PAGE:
Promote actions by employers to become Family/Parent/Baby and Mother-Friendly, and to actively facilitate and support employed women to continue breastfeeding.
Inform people about the latest in global Maternity Protection entitlements, and raise awareness of the need to strengthen related national legislation and implementation.
Strengthen, facilitate and showcase supportive practices that enable women working in the information section to breastfeed.
Engage with target groups e.g. Trade Unions, Workers Rights Organisations, Women’s groups and Youth groups, to protect the breastfeeding rights of women in the workplace.

WABA states there are three key elements that determine success for women who work and breastfeed: time, space/proximity and support.

world breastfeeding week logoTime refers to adequate paid maternity leave to establish and support breastfeeding, paid breaks or reduction of work hours for breastfeeding and flexible hours to allow for more time with their babies or to pump.

Space/proximity addresses keeping mothers and babies physically close to one another to facilitate adequate nursing, a safe location for breastfeeding or pumping and a work environment that is clean and without harmful chemicals.

Support includes information about laws and benefits related to pregnancy and breastfeeding, positive attitudes by employers and co-workers regarding not only breastfeeding, but pregnancy and motherhood as well and elimination of employment discrimination around maternity and breastfeeding.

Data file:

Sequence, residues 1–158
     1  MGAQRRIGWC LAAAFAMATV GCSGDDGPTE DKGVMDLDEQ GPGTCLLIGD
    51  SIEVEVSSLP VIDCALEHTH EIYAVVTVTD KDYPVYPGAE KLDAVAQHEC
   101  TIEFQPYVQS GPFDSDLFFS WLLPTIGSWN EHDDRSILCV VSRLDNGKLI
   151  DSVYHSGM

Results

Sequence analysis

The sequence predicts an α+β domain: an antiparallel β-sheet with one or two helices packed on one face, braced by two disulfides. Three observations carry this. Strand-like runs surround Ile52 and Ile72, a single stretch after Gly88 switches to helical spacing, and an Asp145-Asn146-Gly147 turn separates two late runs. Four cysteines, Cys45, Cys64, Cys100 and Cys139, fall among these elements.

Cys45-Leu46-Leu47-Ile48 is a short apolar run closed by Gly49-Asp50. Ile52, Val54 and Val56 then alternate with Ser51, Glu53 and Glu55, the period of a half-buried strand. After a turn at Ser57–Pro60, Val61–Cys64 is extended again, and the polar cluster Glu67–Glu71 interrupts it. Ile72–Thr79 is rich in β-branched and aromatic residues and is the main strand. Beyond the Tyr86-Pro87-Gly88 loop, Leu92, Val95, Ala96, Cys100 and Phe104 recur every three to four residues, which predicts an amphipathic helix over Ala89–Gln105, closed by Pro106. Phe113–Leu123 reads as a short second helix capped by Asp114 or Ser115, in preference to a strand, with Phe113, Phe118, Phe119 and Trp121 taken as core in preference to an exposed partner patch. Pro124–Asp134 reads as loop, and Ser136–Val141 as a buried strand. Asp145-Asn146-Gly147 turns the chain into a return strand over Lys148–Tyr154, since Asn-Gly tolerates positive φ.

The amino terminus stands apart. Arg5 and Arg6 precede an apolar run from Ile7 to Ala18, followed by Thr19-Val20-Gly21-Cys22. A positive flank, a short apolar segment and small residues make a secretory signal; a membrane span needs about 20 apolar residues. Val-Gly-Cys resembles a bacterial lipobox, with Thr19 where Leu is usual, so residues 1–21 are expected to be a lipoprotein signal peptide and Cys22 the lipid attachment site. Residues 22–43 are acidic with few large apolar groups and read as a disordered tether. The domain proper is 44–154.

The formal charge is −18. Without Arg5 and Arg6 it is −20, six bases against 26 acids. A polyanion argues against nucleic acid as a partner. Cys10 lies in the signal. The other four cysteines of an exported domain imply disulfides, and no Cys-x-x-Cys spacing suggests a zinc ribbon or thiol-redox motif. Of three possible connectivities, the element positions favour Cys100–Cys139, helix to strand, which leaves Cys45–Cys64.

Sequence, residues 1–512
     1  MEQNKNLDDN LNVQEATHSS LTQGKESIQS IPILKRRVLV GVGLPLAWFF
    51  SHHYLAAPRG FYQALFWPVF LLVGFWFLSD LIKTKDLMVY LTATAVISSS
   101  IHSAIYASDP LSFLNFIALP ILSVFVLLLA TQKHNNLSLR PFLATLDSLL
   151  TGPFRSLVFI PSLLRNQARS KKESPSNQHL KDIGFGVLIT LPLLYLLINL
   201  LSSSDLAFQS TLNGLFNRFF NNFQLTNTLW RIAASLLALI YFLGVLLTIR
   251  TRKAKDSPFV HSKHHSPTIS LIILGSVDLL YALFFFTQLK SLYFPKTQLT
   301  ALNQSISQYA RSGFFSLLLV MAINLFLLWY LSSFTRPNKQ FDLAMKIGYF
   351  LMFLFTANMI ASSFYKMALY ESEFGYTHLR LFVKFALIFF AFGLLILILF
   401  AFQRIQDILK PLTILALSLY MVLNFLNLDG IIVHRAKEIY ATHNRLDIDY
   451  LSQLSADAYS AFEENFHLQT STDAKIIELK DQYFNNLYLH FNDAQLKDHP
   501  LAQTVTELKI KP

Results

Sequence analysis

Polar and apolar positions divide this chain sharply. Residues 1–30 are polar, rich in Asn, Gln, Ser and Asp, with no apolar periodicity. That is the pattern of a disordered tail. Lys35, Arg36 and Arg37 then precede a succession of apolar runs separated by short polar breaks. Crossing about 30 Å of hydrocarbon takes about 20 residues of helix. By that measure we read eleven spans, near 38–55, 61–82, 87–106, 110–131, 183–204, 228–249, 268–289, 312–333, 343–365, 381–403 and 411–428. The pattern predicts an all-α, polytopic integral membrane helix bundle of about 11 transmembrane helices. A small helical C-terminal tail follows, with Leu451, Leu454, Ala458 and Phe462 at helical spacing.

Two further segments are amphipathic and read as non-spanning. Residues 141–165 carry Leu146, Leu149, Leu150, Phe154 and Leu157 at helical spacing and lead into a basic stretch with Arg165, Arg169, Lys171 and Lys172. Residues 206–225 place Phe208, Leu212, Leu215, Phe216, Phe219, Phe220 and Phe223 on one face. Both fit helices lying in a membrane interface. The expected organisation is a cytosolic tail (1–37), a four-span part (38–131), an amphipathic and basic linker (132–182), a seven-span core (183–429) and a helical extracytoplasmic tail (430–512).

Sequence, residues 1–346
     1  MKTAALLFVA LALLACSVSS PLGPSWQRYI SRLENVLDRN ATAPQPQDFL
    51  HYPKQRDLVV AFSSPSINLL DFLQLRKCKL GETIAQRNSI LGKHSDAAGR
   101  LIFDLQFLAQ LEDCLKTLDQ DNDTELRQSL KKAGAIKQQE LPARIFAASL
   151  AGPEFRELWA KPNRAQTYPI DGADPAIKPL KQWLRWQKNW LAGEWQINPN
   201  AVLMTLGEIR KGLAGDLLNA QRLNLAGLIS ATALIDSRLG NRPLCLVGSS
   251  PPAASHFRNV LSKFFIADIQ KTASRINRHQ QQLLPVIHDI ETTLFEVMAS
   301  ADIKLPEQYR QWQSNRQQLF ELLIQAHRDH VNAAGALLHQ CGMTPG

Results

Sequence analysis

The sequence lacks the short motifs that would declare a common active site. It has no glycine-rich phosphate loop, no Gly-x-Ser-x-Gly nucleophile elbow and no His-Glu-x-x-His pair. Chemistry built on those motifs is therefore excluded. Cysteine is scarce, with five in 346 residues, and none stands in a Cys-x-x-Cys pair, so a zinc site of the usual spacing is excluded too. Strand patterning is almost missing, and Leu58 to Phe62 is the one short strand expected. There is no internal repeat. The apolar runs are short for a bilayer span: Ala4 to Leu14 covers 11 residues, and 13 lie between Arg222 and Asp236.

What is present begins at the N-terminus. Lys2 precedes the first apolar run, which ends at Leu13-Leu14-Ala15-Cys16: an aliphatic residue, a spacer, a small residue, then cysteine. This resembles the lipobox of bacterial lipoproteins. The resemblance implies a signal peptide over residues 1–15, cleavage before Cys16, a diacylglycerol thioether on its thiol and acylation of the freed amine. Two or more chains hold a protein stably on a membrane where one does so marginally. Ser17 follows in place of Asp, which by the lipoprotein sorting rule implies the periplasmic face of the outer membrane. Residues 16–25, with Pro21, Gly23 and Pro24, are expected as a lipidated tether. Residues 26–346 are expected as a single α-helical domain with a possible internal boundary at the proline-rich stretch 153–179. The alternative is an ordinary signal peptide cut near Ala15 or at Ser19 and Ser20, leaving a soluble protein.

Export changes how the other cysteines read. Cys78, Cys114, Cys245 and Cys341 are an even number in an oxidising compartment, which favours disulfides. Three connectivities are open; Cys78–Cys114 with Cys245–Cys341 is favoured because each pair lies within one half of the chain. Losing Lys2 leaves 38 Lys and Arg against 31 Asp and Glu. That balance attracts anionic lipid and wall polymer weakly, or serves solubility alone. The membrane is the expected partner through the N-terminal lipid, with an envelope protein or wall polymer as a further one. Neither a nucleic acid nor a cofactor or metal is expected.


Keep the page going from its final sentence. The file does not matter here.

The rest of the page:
For US based doulas, below are some resources related to the laws that affect employed nursing mothers:

The US Department of Labor published a blog in 2013 in honor of National Breastfeeding Month called, “Know Your Rights: Breastfeeding in the Workplace” that states that the “Fair Labor Standards Act requires breaks for mothers to express breast milk during the workday” for up to a year after birth and specifies the requirements for the space. There is an entire section of the Department of Labor’s website dedicated to nursing mothers:

To find laws by state that affect pregnant and nursing women, consult this handy and searchable map.

How you can get involved in World Breastfeeding Week:

Social media is a powerful communication tool and there are several ways to use social media to support the goals of World Breastfeeding Week:

• Change your profile picture or simply share the World Breastfeeding Week Logo (available in the Action Folder in in various size, colors and languages).
• Use these hashtags (individually or in combination): #WBW2015 #breastfeeding #MaternityProtection #WomenandWork in your posts about breastfeeding.
• Share the World Health Organization’s Infographic about their 2025 breastfeeding goal.
• Share information on breastfeeding laws and rights in your country and state/province via social media. Use the #KnowYourRights and #breastfeeding hashtags.
• Follow WABA on Twitter and/or Facebook to be part of the conversation and get great content to share.

Beyond social media, you can: